Dozens of e-mails with great customer suggestions have already arrived with the Triggertrap team. Functionality like using the Triggertrap with flashes instead of a camera; the ability to trigger when a sound stops (as opposed to when it starts), and a feature that lets the user trigger the camera manually are all the result of suggestions and feedback.

Because the Triggertrap is open-source and built on the Arduino platform, it is easy to implement additional functionality through a software update, even after the Triggertraps have shipped to the customers.

Shipping in October

The Triggertrap is shipping in October, and can be pre-ordered for $75 + $5 shipping via Kickstarter until 31 July 2011. After that, the price increases to $125.

For more information about Triggertrap see http://Triggertrap.com

Triggertrap media resources

The Triggertrap pitch video is available for viewing, downloading, or embedding via Vimeo:

http://vimeo.com/25721892

The Triggertrap logo and press images can be downloaded in a pack:

http://files.kamps.org/triggertrap/tt-press.zip (0.7mb)

About the Triggertrap team

When he is not developing electronic gadgets, Haje Jan Kamps is an author and technical editor of more than a dozen books about photography. Most recently, he wrote Focus on Photographing People (Focal press / ISBN 978-0240814698). He also works as a photographer, and is a prolific photography blogger on Pixiq.com.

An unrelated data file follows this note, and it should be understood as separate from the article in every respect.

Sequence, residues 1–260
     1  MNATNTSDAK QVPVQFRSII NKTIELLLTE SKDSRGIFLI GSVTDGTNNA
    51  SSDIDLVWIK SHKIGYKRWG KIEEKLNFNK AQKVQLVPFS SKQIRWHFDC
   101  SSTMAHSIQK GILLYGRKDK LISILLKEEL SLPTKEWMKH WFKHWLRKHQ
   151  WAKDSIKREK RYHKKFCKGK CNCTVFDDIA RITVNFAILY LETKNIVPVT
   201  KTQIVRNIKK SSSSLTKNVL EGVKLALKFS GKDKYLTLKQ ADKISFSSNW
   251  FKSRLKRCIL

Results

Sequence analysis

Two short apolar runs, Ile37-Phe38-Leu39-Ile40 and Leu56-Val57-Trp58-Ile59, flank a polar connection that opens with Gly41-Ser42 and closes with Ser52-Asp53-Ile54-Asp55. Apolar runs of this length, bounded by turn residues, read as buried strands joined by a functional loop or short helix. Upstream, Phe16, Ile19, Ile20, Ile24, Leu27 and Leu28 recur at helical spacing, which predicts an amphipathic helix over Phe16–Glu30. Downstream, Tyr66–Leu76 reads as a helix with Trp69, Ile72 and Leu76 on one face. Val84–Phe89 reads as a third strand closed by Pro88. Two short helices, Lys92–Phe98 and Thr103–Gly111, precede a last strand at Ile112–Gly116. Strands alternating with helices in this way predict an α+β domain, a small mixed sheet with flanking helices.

Before being a writer, Kamps was the senior producer responsible for Channel Five’s The Gadget Show website (fwd.channel5.com), and the editor of gadget website T3.com.

The other people working on Triggertrap are electronics engineer Michael Grant and programmer Noah Shibley of NoMi Design (nomidesign.net) and Ziah Fogel, who is involved with the administration and planning of turning the Triggertrap from idea to retail product.

More information about the Triggertrap team can be found at triggertrap.com/about.

About Triggertrap

Triggertrap is an open-source, open-hardware electronic device that enables photographers to take photos when a particular event happens: Breaking a laser-beam, clapping your hands, or any other sensor you could connect to the device. In addition, it does time-lapse photography.

The Triggertrap can be used with the vast majority of digital SLR cameras and many compact cameras, either via a connection lead, or by triggering the camera over Infra-Red.

Triggertrap is based on the Arduino (arduino.cc) rapid prototyping platform, and supports all current digital SLR cameras.

About Time-lapse photography

Courtesy of Wikipedia:

Time-lapse photography is a cinematography technique whereby the frequency at which film frames are captured (the frame rate) is much lower than that which will be used to play the sequence back. When replayed at normal speed, time appears to be moving faster and thus lapsing. For example, an image of a scene may be captured once every second, and then played back at 30 frames per second; the result would be an apparent increase of speed by 30 times. Time-lapse photography can be considered to be the opposite of high speed photography.